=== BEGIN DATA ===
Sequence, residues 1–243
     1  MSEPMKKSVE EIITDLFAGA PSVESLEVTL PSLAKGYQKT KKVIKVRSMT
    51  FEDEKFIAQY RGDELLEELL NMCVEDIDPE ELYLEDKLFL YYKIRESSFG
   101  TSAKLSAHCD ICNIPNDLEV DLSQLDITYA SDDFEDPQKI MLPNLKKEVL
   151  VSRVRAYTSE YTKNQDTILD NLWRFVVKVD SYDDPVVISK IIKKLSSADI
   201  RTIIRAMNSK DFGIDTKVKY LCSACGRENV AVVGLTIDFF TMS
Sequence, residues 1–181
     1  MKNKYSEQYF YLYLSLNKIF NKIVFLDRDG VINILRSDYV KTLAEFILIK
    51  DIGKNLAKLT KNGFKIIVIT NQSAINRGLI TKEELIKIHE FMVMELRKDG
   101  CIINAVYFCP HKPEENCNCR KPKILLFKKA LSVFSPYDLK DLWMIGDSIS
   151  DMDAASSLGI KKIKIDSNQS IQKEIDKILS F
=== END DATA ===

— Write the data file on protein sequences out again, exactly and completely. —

Sequence, residues 1–243
     1  MSEPMKKSVE EIITDLFAGA PSVESLEVTL PSLAKGYQKT KKVIKVRSMT
    51  FEDEKFIAQY RGDELLEELL NMCVEDIDPE ELYLEDKLFL YYKIRESSFG
   101  TSAKLSAHCD ICNIPNDLEV DLSQLDITYA SDDFEDPQKI MLPNLKKEVL
   151  VSRVRAYTSE YTKNQDTILD NLWRFVVKVD SYDDPVVISK IIKKLSSADI
   201  RTIIRAMNSK DFGIDTKVKY LCSACGRENV AVVGLTIDFF TMS
Sequence, residues 1–181
     1  MKNKYSEQYF YLYLSLNKIF NKIVFLDRDG VINILRSDYV KTLAEFILIK
    51  DIGKNLAKLT KNGFKIIVIT NQSAINRGLI TKEELIKIHE FMVMELRKDG
   101  CIINAVYFCP HKPEENCNCR KPKILLFKKA LSVFSPYDLK DLWMIGDSIS
   151  DMDAASSLGI KKIKIDSNQS IQKEIDKILS F